|bread fresh from the oven|
After seeing this wonderful recipe over there
- inspired by Chad Robertson - (it is really great and even includes the timing for the preparation and I got the inspiration to do so from there of course) and after having read many times about the overnight storage of the bread in the fridge in order to increase the flavor profile, I decided to try this as well. I am referring to the recipe that I found over here, but it can be found on many blogs in the blogger sphere as well. After trying this bread, I have to say that this was my first, but not my last time to make the bread using the long overnight fermentation. I definitely will also try to create my own recipes using this way of increasing the flavor because the flavor of this bread is just the most intense bread flavor that I had so far, ever, since I started making my own breads. It shows me again why I am using the slow fermenting pizza dough in order to make my favorite pizza
as well. In this recipe I replaced the different wheat and spelt flours by the only type of flour that I had available, whole wheat flour.As I know that my sourdough is not the most active one, I added some yeast to the recipe and last but not least, I added a good portion of Rosemary to it as we just love herbs and spices in our bread. All in all my dough was a bit drier than the one in the description and for sure I did not get a crumb nearly as good as the one on the picture. But honestly, I think I must use more liquid next time because liquid dough’s tend to develop bigger holes in the crumb then dry ones. That being said, I know very well that I need to put more effort and research in how to make a crumb with bigger holes in the future. But still, I am very happy with the bread and it won’t be the last time I made it. Here is my version of the recipe.If any of you has any hints and tricks for the crumb development, I am always open for your great suggestions Ingredients and timing: Day 1 – Midnight
-40 g of wheat sourdough starter
-53 g water
-73 g wheat flour
Mix all the ingredients and leave them over night ferment on a warm place (ideal would be 25 degrees Celsius), 12 – 16 hours.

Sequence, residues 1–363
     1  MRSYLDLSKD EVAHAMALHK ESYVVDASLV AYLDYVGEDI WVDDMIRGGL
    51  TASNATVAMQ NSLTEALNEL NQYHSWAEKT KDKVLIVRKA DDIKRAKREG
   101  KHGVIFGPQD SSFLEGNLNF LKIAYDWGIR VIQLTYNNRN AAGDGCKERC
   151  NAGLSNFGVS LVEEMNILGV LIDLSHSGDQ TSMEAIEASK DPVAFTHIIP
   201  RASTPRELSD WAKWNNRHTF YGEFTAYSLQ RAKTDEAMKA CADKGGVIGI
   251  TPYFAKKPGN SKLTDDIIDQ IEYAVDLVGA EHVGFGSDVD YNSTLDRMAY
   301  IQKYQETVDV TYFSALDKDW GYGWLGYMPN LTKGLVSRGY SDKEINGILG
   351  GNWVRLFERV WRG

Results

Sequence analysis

Day 2 – morning 10:30
|sourdough before fermentation|
Sourdough part 2
-132 g water
-165 g wheat flour
Mix everything and let it ferment on a warm place in the house (same place as before, 25 degrees Celsius)
|sourdough after fermentation|
-593 g whole wheat flour
-66 g rye flour
-330 g water
-2 g dried yeast
-2 g rosemary
I added yeast to the recipe in order to get more activity in the development of the crumb; I also added some rosemary as well as we love to have herbs on our bread. Let everything rest of half an hour
|fresh kneaded dough ball|
We add 13 g salt to the dough and mix it with the sourdough. We really mix and knead the dough well until it is soft and the gluten developed in the dough. That can be that you need to knead about like 10 – 15 minutes. At this stage I had to add some water as the author said that the dough is VERY soft and mine was not so soft but still a bit dry. Here I just think that it is due to the flour that I am using instead of the kinds of flour that is suggested by the author of the recipe.
|adding the salt to the dough|
Let the dough rest till 18:15. During the resting period make sure that you stretch and fold the dough every 45 minutes in order to increase and develop the gluten in the dough.
|before folding the dough|
|folding the dough 3.rd time|
|folding the dough 3.rd time|
Shape the dough and let it rest in the fermentation basket
|cutting the dough in half to make two breads|
|shaping the breads and resting them in my fermentation basket (plastic cups)|
Place the dough in the fermentation basket in the fridge until the next morning so the flavors are developing overnight. Day 3 – in the morning:
Now I drop them upside down from their bread baskets on my permanent Teflon baking foil on which I already sprinkled a bed of flour. I also cut the bread and sprinkle a layer of flour on top of the bread before putting in the oven. The oven should be pre heated on 250°C. Now pour a cup of hot water in the oven (if you do not have this inbuilt steaming program in your oven at home), pop the bread in the oven and also place a cup of water on the floor of the oven to give some additional steam later on. Quickly close the door so the hot steam will be caught within the oven. Having all that steam in the oven is, like mentioned many times before, extremely important for a scrumptious crust and a great consistency of the bread.
Bake the breads for 10 - 15 minutes like this until it reached the right brown color that you are looking for in a bread crust, then open up the door, let the steam out, lower the heat on 200°C and continue to bake the bread for another 35 - 40 minutes. Now switch off the heat, keep the door open and let the bread cool down slowly. I always spray a bit of water on top of the fresh loaf when it's still hot. It gives a nice and shiny surface the fresh baked crust.